Brian Edwards Media


microphoneDear TV reporters, sports commentators and presenters,           

I want to let you into a little-known secret:  that thing you’ve got pinned to your lapel or clutched in your hand – that’s what we call a microphone.  A microphone is a magical device for picking up sound, and the sound it picks up best is the sound that is closest to it – your voice. 

So even if you’re surrounded by roaring crowds, or the camera is across the road, YOU DON’T NEED TO SHOUT, because your microphone is only centimetres away from your mouth.

It is bizarre to witness people who appear to be right in front of you yelling their heads off. Bizarre, annoying, unprofessional and totally unnecessary. It’s even weirder when it’s interspersed with voice-over commentary at a normal level.

There are rules for the voice level you use to camera.  If you’re in close-up it’s intimate, if it’s in medium-close-up (that’s the shot most commonly used in interviews) or mid-shot (to the waist) it’s conversational.  A little more voice is appropriate in a full shot.  Only in long-shot, when the presenter is shown at a distance, should you ever use full projection (which is quite a different thing from shouting, petals!).

However, it would appear that our TV networks have never bothered to teach their on-camera people how to use a microphone.

Deafened by the audience racket around them, netball commentators howl at us, oblivious to the fact that the miracle of sound engineering means we can hear them perfectly well at normal level.

Back Benches presenter Wallace Chapman bellows like a livestock auctioneer whether he’s talking to the camera, the pub audience or his guests. Even if this programme weren’t hopelessly amateurish, I couldn’t watch it for more than five minutes. 

News reporters don’t do themselves any favours by choosing to present their reports in busy streets. There’s usually an alternative, but even if there isn’t, the same rule applies: Pitch your voice to the camera shot, not to the camera.

Brooke Howard-Smith – you are excused.  Yes, it still gets on my nerves when you shout, but eccentric talent should always be encouraged.  Just hand me the ear-plugs, please.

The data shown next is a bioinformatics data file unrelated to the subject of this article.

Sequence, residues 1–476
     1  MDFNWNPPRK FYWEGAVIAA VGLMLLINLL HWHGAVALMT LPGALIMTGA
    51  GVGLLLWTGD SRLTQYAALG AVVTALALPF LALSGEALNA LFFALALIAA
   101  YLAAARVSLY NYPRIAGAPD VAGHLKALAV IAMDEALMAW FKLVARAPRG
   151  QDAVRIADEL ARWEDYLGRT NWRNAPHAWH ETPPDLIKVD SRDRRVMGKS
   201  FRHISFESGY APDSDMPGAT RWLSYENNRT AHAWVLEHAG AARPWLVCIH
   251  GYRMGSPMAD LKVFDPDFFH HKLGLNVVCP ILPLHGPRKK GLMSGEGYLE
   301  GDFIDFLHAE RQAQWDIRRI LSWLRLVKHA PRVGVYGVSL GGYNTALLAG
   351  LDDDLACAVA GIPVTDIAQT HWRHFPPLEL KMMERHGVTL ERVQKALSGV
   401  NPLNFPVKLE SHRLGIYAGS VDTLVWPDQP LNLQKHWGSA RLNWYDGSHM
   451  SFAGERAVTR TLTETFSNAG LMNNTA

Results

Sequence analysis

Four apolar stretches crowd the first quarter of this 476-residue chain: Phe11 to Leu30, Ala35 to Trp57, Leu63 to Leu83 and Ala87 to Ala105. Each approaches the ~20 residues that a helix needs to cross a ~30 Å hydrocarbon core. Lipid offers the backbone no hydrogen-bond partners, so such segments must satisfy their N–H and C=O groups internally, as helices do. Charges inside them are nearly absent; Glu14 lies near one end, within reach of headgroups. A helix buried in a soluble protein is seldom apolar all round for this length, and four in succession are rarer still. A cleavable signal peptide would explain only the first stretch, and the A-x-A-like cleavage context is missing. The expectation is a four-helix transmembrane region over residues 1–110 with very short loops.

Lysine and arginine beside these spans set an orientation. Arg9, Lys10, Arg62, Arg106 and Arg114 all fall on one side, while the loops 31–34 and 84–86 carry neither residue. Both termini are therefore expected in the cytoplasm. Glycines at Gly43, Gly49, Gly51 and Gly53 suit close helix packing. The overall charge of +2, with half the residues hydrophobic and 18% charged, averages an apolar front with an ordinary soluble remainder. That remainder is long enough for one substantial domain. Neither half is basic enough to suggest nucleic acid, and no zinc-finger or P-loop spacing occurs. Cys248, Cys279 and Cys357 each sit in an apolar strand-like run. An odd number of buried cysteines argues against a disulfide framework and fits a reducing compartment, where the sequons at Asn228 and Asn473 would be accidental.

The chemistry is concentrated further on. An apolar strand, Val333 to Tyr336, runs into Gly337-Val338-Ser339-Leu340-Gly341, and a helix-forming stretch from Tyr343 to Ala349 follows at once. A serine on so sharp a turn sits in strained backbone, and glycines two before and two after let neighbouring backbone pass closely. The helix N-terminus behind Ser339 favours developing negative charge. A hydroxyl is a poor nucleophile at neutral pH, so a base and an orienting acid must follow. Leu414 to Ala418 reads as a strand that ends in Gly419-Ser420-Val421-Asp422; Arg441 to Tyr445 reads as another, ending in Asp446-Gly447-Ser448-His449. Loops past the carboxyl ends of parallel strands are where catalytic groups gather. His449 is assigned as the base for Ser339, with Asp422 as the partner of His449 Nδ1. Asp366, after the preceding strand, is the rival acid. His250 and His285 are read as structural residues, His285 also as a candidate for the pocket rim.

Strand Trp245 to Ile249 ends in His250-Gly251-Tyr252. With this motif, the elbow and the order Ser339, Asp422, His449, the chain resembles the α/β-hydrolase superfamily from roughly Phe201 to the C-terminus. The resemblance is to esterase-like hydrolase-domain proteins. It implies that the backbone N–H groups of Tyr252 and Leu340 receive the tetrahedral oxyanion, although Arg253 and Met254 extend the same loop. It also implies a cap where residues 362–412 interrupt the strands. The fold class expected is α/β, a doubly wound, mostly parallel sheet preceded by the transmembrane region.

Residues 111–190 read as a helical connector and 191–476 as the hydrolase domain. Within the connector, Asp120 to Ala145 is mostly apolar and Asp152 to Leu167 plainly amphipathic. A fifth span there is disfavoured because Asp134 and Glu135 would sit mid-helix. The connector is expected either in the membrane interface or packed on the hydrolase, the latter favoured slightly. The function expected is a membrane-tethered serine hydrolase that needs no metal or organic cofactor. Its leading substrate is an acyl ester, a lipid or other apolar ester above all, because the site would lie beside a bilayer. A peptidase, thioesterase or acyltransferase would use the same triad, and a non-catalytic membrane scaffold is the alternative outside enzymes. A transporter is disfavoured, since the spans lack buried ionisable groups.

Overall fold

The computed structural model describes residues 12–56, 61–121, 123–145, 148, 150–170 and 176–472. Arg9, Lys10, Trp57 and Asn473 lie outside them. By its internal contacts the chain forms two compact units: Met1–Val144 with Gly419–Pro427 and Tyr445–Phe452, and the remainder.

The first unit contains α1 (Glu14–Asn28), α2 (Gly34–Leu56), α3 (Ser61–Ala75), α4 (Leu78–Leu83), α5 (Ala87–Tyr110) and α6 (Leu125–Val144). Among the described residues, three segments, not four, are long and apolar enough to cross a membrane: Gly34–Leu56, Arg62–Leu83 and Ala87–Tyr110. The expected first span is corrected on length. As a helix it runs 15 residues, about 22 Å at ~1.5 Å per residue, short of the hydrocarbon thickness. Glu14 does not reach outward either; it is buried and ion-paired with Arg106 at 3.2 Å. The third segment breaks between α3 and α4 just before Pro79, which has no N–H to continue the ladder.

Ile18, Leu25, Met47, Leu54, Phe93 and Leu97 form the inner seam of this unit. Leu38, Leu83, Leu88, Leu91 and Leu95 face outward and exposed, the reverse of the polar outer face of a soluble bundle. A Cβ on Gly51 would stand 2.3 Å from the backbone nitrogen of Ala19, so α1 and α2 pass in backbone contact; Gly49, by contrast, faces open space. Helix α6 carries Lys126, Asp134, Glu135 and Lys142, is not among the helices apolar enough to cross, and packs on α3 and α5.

And the rest of you:  please learn the basics of presentation – and STOP SHOUTING AT ME!!



  1. It’s not surprising really as most of the sports commentators haven’t figured out that it’s not radio and a camera is allowing us to see what is happening.

    They don’t need to tell, or shout, me what I’m seeing but do need to inform me about what I’m not. I think it’s why some of the better commentary comes from ex-participants, well the few who have some media savvy.

    For example in my favourite sport Formula 1 the commentator will say “the Ferrari just passed the Force India into the first turn” which is true but I saw that myself. The ex-driver commentator will say “The Ferrari got past the Force India because it’s on soft tyres which recover temperature, grip, faster than the harder ones.”
    That adds to the visual and my experience of the sport. For me, that is what makes a good TV commentary.

  2. Maybe there’s another reason for them doing this – maybe they think you arent listening!!!

  3. Duncan Garner. Worst shouter ever! I have to turn the volume down every time he appears.

    • I agree about Duncan and I think he’s getting worse. A couple of nights ago on the news he was even shouting his voice-overs!